Introducing the NZXT Tempest 410 Elite

The last time we checked out an NZXT enclosure, we saw in their H2 a lot of fantastic ideas done in by a single poor design choice. NZXT's engineers are clearly thinking on their feet and the company stays in the enclosure conversation with good reason, and today we have on the slab their new Tempest 410 Elite mid-tower. Geared towards excellent performance without breaking the bank (remember when that was what overclocking was about?), should the Tempest 410 Elite be on your shortlist for an economical build, or were too many compromises made?

First impressions when opening the box for the Tempest 410 Elite were mixed, but it's important to keep in mind that enclosures under $100 tend to make some sacrifices to keep the price down, one of the major ones being extensive use of plastic for the front bezel. Yet further inspection of the 410 revealed that, much like their peers at BitFenix, NZXT's engineers are keenly interested in cramming a lot of value into their enclosures. Whether or not they were successful with this case remains to be seen, but there are some awfully nice touches here and there.

NZXT Tempest 410 Elite Specifications
Motherboard Form Factor ATX, Micro-ATX, Mini-ITX, Flex-ATX
Drive Bays External 3x 5.25"
Internal 8x 3.5"/2.5"
Cooling Front 2x 120mm intake fan
Rear 1x 120mm exhaust fan
Top 2x 120mm fan mount
Side -
Bottom 1x 120mm fan mount
Expansion Slots 7
Front I/O Port 3x USB 2.0, 1x USB 3.0, mic and headphone jacks
Top I/O Port -
Power Supply Size ATX
Clearance Up to 11" (Expansion Cards), 170mm (CPU HSF), 280mm (PSU)
Weight 17.2 lbs.
Dimensions 19.53" x 8.46" x 18.94"
Price MSRP $89

Just looking at the spec sheet, there should be a couple of oddities jumping out at you. The biggest one I ran into was actually the odd mix of USB 2.0 and USB 3.0; this really should've been two USB 2.0 and two USB 3.0 instead of the odd numbers, since now half of each header is basically wasted. And the Tempest 410 Elite does use an internal motherboard header for its USB 3.0 port, as is becoming increasingly common.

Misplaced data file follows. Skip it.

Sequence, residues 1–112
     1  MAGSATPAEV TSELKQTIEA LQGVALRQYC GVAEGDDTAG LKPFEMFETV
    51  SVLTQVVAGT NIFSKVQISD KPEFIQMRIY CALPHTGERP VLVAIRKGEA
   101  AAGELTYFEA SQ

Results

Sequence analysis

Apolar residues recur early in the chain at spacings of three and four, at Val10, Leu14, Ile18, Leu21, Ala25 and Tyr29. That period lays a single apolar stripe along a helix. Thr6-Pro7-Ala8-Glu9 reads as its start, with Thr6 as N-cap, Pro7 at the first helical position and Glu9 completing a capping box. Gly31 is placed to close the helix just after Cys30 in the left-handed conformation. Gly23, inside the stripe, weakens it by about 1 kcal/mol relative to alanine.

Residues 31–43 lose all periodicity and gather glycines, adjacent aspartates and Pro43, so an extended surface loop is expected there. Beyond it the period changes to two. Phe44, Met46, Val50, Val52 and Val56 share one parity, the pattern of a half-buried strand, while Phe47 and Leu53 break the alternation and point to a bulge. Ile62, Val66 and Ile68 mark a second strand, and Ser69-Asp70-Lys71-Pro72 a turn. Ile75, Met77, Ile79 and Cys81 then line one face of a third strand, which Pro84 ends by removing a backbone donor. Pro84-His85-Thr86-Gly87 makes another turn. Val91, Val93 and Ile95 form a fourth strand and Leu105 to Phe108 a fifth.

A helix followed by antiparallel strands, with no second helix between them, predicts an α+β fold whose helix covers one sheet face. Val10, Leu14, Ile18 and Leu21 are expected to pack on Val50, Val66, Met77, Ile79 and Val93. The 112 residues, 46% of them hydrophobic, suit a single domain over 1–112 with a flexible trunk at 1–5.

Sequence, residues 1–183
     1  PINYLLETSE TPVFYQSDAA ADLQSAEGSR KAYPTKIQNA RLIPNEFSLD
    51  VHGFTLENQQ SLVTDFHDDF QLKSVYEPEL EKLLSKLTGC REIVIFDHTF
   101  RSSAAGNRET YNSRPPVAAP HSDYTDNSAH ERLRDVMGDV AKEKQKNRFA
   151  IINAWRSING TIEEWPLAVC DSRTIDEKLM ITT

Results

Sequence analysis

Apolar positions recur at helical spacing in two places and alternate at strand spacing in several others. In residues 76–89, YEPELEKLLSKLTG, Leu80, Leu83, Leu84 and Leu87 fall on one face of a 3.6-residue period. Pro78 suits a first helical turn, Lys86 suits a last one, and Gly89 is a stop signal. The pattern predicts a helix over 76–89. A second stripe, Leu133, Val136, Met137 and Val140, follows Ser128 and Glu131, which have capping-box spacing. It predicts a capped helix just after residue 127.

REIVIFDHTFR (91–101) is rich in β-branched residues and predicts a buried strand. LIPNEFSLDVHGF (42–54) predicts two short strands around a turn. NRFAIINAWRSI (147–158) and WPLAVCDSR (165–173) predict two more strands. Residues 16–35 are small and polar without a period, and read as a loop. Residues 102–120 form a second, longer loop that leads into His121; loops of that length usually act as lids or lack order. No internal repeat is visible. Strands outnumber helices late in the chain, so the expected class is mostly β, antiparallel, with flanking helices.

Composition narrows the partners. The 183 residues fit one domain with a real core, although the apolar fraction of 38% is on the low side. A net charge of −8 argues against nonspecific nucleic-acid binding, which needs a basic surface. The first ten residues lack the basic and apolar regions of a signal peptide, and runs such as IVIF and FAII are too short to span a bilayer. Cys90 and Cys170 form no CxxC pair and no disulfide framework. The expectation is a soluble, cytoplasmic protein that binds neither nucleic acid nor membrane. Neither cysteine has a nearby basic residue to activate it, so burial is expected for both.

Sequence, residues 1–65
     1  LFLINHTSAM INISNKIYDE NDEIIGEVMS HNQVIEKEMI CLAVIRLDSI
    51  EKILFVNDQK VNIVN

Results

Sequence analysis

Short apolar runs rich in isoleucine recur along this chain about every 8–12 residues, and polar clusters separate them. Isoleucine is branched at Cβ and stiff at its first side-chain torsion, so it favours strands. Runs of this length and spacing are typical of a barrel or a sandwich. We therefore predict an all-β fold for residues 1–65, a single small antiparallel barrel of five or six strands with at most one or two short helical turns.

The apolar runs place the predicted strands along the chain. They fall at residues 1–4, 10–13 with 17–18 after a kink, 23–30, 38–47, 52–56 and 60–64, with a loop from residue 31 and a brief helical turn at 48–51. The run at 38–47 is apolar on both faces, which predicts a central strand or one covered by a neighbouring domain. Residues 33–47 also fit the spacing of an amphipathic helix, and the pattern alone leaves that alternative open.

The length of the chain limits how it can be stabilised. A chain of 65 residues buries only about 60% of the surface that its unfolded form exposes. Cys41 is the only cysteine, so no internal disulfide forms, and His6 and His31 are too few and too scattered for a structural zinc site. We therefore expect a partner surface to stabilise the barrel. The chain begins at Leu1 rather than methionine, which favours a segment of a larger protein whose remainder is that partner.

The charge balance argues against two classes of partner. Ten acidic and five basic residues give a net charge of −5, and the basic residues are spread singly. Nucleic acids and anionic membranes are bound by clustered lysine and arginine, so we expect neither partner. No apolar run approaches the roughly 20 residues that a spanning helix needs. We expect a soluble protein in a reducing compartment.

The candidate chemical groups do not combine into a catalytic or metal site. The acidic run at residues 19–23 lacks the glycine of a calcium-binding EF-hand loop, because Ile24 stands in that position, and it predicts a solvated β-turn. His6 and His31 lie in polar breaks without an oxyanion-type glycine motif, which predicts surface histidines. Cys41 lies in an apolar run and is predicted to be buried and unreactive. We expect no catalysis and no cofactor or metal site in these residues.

In and Around the NZXT Tempest 410 Elite
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  • Shinobisan - Thursday, September 1, 2011 - link

    I'm seriously looking at the Corsair Special Edition White Graphite Series 600T case.
    Seems to have everything I want, but I would really like to see a good review on it before buying. Any chance y'all could get your hands on one?
  • bobbozzo - Thursday, September 1, 2011 - link

    I think the only difference with the Special Edition is the window and possibly the fan controller.

    BTW, I helped my friend build a system with the Corsair 600T, and I have an Antec P182.

    The Corsair is much wider, but I'm not sure that it has any functional advantages over the Antec, other than bigger fans.
  • Shinobisan - Thursday, September 1, 2011 - link

    Yep, that works.
  • Malih - Thursday, September 1, 2011 - link

    the way front USB ports is laid out on 600T makes it easier to use multiple ports in case you plug something.
    bigger backplate opening.
    easily removable front+top dust filter.

    Although I kindof wish the fan RPM on 600T control is a volume control instead.

    There's also the P183.
  • Dustin Sklavos - Thursday, September 1, 2011 - link

    I like the looks of the Corsair 600T, but for performance and acoustics I actually still have to give the nod to Rosewill's Thor v2 at roughly the same price (if not a bit cheaper). If you don't mind the aesthetics, the Thor v2 will run cooler at roughly the same noise level.
  • ckryan - Thursday, September 1, 2011 - link

    Samsung's BD drives - they seriously make any case look good with their mirrored tray and a piano-finished glossy black which looks anything but chintzy. Optical drives are largely forgettable affairs, but its hard to ignore the aesthetics. I could get by with a $20 DVD combo, but I'm not ashamed to admit that I paid several times as much just for a better looking BD drive. It looks especially good with black aluminum enclosures, but does seem to class up cheaper plastic cases as well.

    I actually broke the sata connector on mine, buy RMAing it was painless as well, which always counts for something in my book.

    Dustin's reviews are some of the best anywhere, and I like the commitment to cases in a world where work a day component coverage is getting squeezed by so much other gear.
  • Dustin Sklavos - Thursday, September 1, 2011 - link

    That comment just made my day. Thank you!
  • ckryan - Thursday, September 1, 2011 - link

    You've been on a tear recently.
  • arswihart - Thursday, September 1, 2011 - link

    Looks like well cooled, quiet cases are finally becoming the norm. But, an ATX motherboard is overkill most of the time these days. I guess the case makers are just stuck in the past.
  • stm1185 - Thursday, September 1, 2011 - link

    That pretty much sums up my thoughts on this case. I was thinking NZXT had the best designers with the Phantom, then the H2, but then they put out this thing and its just so ugly in comparison.

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